What did you think we meant?

Have you ever dropped a stick in a creek and wondered how long it would take to get to the ocean? Or whether it would get there at all? I decided to drop a couple of rubber ducks (the sort you’d find in a bathtub) into the headwaters of both the Murray and the Darling rivers and see what happened.

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Once I realised that there were four major reservoirs, 14 locks and weirs, and several million snags, I knew that I couldn’t let the ducks travel on their own. This meant I had to accompany the two ducks, one on the Murray and one on the Darling for more than 3000km, and this was only to the junction of the two rivers at Wentworth, NSW.
I was in for a long road trip.

There are more than 50 tributaries that flow into the Darling so I chose my starting point in Condamine Gorge, which is a couple of hours south west of Brisbane. Covered in rainforest with most of the rain coming from summer storms, this was in stark contrast to the beginnings of the Murray in the alpine meadows of the Snowy Mountains.

 

RIVERS OF CONTRAST

The differences between these two rivers is marked. The Murray tends to flow fairly consistently, whereas the Darling has ceased to flow 45 times between 1885 and 1960. Both rivers have played a huge part in opening up the south eastern areas of Australia to European settlement. Before that, the Aboriginal people utilised the riches of the rivers for thousands of years. Shell middens and scar trees can be seen as evidence of this along the length of the rivers.

In the early years of the Europeans, the muddy waters of both rivers were plied by paddle steamers carrying supplies upstream to settlements and wool or wheat downstream to markets. Walgett was about as far upstream the steamers would venture on the Darling, although one did make it to Queensland border in 1893. Albury was the limit of navigation on the Murray. At its peak, there were around 6700km of navigable waterways in the Murray-Darling system.

By the 1920s, the railways had taken much of the trade away from the river boats. Today there are still paddle steamers to be seen operating as tourist boats in various towns along the Murray. The paddle boats are all but gone from the Darling, with a few wrecks reminding us of what was once the life blood of much of the inland.

While not used as transportation routes anymore, the waters of the Murray-Darling have been harnessed for irrigation. The first major irrigation systems began at Mildura and Renmark in 1887 after it was introduced by the Chaffey Brothers. It didn’t take long before the use of water for irrigation erupted into disputes and broken agreements that continues until the present day. Driving near Menindee, there are multiple signs and crosses highlighting some of the current disputes.

 

21ST CENTURY TRAVEL

As a traveller, both rivers offer many options for enjoying and immersing yourself into the river culture. The towns of the Murray are generally prosperous with plenty of facilities for all types of accommodation and styles of travel. The Darling River towns seem to be in a state of decline and obviously not the bustling centres of trade they once were. Wilcannia stands out as a town with some wonderful 19th-century architecture that is now unoccupied and falling into disrepair.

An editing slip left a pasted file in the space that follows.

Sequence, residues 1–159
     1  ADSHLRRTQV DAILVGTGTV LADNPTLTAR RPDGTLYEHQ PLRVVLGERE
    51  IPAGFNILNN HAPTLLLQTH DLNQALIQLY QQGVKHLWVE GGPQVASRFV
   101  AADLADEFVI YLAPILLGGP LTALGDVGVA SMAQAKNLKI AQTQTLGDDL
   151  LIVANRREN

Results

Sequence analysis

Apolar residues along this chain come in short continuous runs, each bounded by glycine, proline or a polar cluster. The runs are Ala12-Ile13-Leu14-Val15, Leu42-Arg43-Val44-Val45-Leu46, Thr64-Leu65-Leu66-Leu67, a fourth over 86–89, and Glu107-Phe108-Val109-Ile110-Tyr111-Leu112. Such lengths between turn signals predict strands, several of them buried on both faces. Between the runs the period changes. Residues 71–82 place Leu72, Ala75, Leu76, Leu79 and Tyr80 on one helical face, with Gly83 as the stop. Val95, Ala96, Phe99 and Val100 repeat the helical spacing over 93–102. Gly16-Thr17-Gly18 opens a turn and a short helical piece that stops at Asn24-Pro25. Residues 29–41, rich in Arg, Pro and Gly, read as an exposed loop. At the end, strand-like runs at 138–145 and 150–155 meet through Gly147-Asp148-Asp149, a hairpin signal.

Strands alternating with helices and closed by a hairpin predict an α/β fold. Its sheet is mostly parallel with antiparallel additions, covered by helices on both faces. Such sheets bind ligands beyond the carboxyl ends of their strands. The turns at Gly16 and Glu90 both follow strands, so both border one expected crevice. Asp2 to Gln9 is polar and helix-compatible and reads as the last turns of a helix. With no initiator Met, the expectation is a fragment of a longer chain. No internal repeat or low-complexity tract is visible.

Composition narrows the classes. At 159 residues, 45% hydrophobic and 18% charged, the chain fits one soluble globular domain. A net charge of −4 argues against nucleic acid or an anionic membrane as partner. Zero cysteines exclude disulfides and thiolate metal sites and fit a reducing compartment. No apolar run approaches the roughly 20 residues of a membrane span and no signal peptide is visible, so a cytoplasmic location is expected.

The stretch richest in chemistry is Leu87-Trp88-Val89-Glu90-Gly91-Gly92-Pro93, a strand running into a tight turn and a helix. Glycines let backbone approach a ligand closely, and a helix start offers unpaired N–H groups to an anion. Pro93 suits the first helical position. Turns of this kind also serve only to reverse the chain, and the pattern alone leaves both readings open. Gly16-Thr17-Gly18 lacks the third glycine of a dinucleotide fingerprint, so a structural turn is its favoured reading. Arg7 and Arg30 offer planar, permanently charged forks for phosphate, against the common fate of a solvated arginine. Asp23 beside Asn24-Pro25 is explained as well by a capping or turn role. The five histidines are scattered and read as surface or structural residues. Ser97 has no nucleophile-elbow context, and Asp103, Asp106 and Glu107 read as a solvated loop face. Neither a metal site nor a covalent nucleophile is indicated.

More self-reliance and planning is necessary when travelling along the Darling as the distance between towns is larger and the roads often unsealed. The Murray seems to be busy with human activity, while the Darling probably has a higher ratio of wildlife to human. Roos, emus and stock are a more common sight along the Darling compared to irrigated crops along the Murray.

There are more bridges, dams and locks on the Murray. The Snowy Mountains Scheme feeds water into the Murray to supplement its flow. The Darling has much of its water extracted, before it can reach the Murray. The Murray rarely ceases to flow, although there are sections of the Darling that have ceased to flow for years due to natural extreme variations in flows from year to year.

In many ways, I personally enjoyed the travel along the Darling more than the Murray, as the Darling seemed more of an exploration of the landscape rather than a drive between towns and tourist destinations. There is no doubt that apart from the water to feed the agriculture, the Murray is enjoyed by the many who live near its banks. The Murray has a multitude of watercraft from the old paddle steamers to jet skis, wakeboard boats to kayaks and there are many family gatherings along the sandbanks.

The Murray-Darling river system is the fifth largest in the world and is also the world’s driest so it offers great variability as to what you will find as you journey its long path to the ocean. Only about 4% of the rainfall in the Murray-Darling Basin will actually arrive at the ocean.

 

DID THE DUCKS MAKE IT?

As to my original question as to how long it would take for a stick (or duck) dropped in the headwaters of either the Murray or Darling to get to the ocean? I still don’t know. If I had let the rubber ducks travel by themselves I would suggest the Darling River duck may never have made the ocean, either ending up stranded or sitting in a cotton field. The Murray River duck may have made it, if it wasn’t consumed by a huge Murray cod or jet ski intake.

If you are considering travelling either of these rivers for only part or the full length, there will be plenty to discover and enjoy. You may never want to head back home.

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